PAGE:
261597 Mapping spatial and temporal variability of community exposure to PCE from vapor intrusion

Monday, October 29, 2012

Jill Johnston , Department of Environmental Sciences and Engineering, University of North Carolina - Chapel Hill, Chapel Hill, NC
The migration of subsurface contaminants into indoor air is a potential health threat at thousands of sites across the country. As more information is collected about vapor intrusion, the exposure is characterized by spatial and temporal heterogeneity within a site. It is difficult to predict and assess exposure at a community level. This study attempted to examine short-term temporal fluctuations in concentrations of chlorinated organic compounds in the indoor air of residential homes due to vapor intrusion in an environmental justice community. Using a community-based participatory design, we collected 72-hour samples for tetrachloroethylene (PCE) using sorbent packed passive diffusion samplers. Samples were collected over 10 days in 20 homes throughout the community that sit atop the contaminated shallow groundwater plume in southwest San Antonio, Texas. Any potential confounding indoor sources were removed. Indoor air samples were analyzed using gas chromatography/ mass spectrometry instrumentation, following EPA Method TO-17 procedures. Preliminary results demonstrate significant variability across both space and time. The data set will be analyzed for correlations with barometric pressure, temperature differentials and wind speed using longitudinal statistical analysis techniques. Results will also be compared with a house-level predictive model previously developed. Passive sampling technique coupled with community partnerships provides a less intrusive and more cooperative approach to data collection and show particular value in environmental justice settings. This study contributes to the body evidence on exposure screening and variability to estimate the occurrence of vapor intrusion in a home. This information will be used to update a probabilistic-based community exposure map and model to predict and screen for indoor air contamination as a result of subsurface contaminant migration.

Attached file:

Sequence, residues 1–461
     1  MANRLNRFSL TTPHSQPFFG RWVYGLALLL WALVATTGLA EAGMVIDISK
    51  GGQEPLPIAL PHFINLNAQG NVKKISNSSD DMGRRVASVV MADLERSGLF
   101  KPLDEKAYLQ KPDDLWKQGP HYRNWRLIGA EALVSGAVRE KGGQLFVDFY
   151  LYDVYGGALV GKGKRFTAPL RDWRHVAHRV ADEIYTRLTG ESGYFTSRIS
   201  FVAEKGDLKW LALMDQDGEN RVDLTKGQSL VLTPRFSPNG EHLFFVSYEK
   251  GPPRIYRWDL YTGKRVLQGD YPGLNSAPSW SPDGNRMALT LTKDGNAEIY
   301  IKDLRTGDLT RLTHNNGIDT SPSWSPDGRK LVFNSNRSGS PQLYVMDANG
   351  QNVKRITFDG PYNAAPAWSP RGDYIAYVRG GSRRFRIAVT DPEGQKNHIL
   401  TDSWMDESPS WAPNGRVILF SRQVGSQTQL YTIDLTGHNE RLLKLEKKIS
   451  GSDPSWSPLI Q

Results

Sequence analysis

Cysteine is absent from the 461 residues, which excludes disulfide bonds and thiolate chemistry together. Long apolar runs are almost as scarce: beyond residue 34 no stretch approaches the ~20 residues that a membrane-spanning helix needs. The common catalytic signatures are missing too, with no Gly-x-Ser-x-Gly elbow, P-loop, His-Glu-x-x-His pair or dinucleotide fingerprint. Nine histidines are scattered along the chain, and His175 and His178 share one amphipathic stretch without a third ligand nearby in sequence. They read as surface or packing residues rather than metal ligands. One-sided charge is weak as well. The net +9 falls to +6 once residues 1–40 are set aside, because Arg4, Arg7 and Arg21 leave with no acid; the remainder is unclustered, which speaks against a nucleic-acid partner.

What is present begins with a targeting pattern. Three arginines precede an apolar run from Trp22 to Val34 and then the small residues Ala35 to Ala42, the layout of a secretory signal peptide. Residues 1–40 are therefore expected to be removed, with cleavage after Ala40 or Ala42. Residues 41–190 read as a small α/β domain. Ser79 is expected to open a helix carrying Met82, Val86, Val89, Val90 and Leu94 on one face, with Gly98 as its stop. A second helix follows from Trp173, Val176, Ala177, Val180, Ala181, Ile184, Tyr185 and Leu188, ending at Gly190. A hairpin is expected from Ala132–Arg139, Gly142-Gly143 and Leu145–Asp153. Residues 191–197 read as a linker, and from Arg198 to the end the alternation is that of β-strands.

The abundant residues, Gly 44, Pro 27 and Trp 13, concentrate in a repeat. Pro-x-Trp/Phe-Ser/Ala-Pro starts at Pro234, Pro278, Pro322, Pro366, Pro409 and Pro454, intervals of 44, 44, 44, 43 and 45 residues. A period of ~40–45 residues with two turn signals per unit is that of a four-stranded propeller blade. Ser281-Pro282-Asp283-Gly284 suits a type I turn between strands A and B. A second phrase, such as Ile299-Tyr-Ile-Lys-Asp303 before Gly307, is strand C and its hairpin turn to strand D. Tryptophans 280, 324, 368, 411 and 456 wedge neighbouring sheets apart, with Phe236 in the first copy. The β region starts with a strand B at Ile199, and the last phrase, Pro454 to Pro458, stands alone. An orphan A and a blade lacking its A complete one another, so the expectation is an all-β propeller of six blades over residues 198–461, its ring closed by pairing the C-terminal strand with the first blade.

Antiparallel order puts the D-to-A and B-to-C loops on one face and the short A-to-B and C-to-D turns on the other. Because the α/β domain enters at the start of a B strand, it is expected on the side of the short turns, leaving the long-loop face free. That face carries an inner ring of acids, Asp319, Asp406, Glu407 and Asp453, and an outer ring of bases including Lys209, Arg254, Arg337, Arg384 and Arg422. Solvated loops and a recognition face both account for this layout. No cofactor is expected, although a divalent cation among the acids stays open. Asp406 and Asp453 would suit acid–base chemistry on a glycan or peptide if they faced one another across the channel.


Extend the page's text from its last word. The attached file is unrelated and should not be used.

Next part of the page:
Learning Areas:
Environmental health sciences

Learning Objectives:
Demonstrate community-based techniques to assess the vapor intrusion potential in an environmental justice setting Describe the significance of meteorological and household characteristics on explaining spatial and temporal variability of vapor intrusion

Keywords: Environmental Exposures, Environmental Justice

Presenting author's disclosure statement:

Qualified on the content I am responsible for because: I an a doctoral candidate in the Department of Environemental Sciences and Engineering at UNC-Chapel Hill. I am the recipient of an NSF Graduate Research Fellowship and co-principal investigator on modelling and assessing the vapor intrusion pathway at contaminated sites.
Any relevant financial relationships? No

I agree to comply with the American Public Health Association Conflict of Interest and Commercial Support Guidelines, and to disclose to the participants any off-label or experimental uses of a commercial product or service discussed in my presentation.